Top News

Cambodian spy trial of Australian filmmaker postponed again


PHNOM PENH, Cambodia — The trial of an Australian filmmaker who could get five to 10 years in prison for flying a drone over a campaign rally last year was postponed Monday for a second straight month to allow his new lawyer to get acquainted with the case.

James Ricketson arrived at a Phnom Penh court in his orange prison uniform for a hearing on the charge of endangering national security, which in legal terms is tantamount to espionage.

He insisted to reporters outside the courtroom in June at was supposed to be the trial's opening that he was innocent of any wrongdoing. But in a letter to long-serving Prime Minister Hun Sen earlier this month published in the pro-government Khmer Times newspaper, he apologized for his "mistake" in his statements about his situation.

The court rescheduled the trial's opening to Aug. 16. Cambodia holds a general election on July 29, which is certain to return Hun Sen to office. Ricketson had been seen as sympathetic to his opposition, and it is not clear how the election results may affect his fate. The country's courts are considered to be very much under government influence.

Ricketson was arrested in June last year after using a drone to film the final rally of the opposition Cambodia National Rescue Party before local elections. The party has since been dissolved, as part of a sweeping crackdown on the opposition and media critical of the government.

According to his family, the 69-year-old Ricketson has been detained in a 6-by-16-meter (20-by-52-foot) cell along with 140 other prisoners, and in May he was reportedly taken ill with a chest ailment and moved to the prison hospital.

At last month's hearing, where the court granted Ricketson a delay in order to have more time to study the evidence, Ricketson spouted defiantly to reporters covering the trial.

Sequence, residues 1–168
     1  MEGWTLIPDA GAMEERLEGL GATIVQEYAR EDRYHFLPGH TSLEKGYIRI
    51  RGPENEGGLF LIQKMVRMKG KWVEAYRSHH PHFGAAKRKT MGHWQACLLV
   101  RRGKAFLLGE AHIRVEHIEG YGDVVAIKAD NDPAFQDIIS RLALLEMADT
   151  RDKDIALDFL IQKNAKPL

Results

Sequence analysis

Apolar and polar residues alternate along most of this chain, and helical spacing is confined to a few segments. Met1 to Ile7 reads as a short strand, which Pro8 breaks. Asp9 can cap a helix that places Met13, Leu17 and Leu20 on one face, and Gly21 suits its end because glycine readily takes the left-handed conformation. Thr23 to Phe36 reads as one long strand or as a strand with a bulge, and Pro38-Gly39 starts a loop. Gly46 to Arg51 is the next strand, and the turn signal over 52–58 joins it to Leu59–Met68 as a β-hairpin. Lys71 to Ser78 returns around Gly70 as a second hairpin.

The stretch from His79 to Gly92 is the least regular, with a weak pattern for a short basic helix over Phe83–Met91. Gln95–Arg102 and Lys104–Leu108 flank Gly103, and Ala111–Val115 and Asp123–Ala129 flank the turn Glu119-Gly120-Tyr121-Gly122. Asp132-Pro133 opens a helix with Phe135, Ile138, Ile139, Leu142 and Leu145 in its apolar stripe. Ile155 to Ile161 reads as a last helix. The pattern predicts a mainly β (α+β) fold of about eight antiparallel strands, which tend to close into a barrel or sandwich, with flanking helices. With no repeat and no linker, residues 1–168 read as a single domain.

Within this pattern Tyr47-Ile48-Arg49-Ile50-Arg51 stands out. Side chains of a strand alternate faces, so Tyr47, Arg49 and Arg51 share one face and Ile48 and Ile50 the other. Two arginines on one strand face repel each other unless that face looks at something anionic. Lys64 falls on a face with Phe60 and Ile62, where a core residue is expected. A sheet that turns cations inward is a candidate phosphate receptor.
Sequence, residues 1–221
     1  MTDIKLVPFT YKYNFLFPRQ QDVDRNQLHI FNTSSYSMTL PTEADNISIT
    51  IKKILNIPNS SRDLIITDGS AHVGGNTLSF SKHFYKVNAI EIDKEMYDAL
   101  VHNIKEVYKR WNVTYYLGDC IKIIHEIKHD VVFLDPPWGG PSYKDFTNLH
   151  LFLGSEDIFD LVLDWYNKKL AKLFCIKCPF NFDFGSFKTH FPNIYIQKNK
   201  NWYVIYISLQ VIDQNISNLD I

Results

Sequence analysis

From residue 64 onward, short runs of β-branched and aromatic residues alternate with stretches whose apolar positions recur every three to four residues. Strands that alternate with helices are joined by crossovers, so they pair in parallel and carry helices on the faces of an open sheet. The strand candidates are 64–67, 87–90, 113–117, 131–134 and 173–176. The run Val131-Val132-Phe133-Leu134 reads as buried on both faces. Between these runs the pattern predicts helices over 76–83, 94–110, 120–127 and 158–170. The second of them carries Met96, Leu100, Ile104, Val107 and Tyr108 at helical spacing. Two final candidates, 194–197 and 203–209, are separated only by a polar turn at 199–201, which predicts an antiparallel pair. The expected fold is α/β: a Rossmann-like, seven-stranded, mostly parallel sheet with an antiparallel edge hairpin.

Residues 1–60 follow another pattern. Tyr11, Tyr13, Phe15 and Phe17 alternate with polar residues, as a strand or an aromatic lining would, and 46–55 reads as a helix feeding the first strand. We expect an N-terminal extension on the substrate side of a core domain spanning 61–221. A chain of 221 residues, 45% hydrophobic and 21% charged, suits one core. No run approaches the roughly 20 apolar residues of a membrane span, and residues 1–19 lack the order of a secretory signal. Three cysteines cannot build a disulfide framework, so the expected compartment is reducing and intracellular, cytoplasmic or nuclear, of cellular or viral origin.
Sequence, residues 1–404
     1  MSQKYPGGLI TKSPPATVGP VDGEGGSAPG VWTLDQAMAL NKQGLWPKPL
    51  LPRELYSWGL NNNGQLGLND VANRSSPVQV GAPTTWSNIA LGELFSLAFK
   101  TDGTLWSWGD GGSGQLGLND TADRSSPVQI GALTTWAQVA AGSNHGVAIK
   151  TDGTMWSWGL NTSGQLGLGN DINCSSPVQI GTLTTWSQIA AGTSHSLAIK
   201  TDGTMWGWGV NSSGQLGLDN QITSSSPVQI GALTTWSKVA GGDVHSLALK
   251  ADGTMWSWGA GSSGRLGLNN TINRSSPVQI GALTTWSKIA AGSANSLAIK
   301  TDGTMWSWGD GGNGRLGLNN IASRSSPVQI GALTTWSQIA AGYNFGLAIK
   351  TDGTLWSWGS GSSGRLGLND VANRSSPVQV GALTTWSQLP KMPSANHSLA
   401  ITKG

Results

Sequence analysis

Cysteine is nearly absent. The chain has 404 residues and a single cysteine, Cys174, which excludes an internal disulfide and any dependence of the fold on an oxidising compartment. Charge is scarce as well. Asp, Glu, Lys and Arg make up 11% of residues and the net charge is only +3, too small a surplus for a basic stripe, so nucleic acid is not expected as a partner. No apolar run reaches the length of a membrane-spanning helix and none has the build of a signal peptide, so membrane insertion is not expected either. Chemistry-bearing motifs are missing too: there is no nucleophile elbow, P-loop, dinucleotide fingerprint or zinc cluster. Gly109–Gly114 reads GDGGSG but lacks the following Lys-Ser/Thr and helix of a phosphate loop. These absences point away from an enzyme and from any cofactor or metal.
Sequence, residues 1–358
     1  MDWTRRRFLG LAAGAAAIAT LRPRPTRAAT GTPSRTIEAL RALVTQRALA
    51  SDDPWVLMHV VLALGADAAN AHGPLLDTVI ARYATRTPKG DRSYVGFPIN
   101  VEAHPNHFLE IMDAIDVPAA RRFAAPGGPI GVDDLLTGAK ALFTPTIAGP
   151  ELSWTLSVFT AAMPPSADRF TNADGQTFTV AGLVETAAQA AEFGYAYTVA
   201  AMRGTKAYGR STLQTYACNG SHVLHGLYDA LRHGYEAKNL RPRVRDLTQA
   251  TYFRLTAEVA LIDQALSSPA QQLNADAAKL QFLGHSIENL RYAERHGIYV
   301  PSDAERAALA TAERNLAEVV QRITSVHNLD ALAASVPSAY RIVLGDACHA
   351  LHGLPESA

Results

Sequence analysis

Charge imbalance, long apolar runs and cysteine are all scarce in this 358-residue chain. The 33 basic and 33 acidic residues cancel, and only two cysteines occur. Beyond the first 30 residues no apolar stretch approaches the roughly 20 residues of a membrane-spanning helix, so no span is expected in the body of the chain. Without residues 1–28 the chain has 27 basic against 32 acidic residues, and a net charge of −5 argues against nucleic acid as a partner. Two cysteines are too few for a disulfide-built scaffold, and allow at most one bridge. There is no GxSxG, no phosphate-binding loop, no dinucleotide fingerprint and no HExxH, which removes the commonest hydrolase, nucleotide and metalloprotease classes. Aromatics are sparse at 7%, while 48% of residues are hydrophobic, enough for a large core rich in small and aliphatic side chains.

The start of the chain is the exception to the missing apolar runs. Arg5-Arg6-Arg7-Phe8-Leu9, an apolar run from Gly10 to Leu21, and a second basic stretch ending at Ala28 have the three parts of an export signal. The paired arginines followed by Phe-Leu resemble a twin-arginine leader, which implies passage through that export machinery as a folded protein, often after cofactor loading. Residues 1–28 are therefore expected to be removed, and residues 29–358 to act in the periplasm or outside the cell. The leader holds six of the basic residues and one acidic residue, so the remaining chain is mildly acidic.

"I'm hoping that I'll find out today which country I'm spying for," he said. "I haven't been informed which country I am spying for, yet. I would love to know."

However, his tone shifted significantly in the July 1 letter he addressed to Hun Sen.

"May I please, respectfully, send my sincerest apologies to yourself and the Cambodian Government. I now realize that my statements I have made in the press and other media are disruptive and I'll-informed. These statements were made from a place of foreign naivety and ignorance about the complexities and difficulties of governing Cambodia," he wrote.

"I apologize unreservedly and without condition for any distress I may have caused as a result of my ignorance of Cambodian issues. If there is anything I can do to remedy my mistake, please let me know as I only want the best for you and Cambodia," the letter said.

Ricketson acknowledged to journalists covering Monday's session that he had written the letter.

Sopheng Cheang, The Associated Press

Recent Stories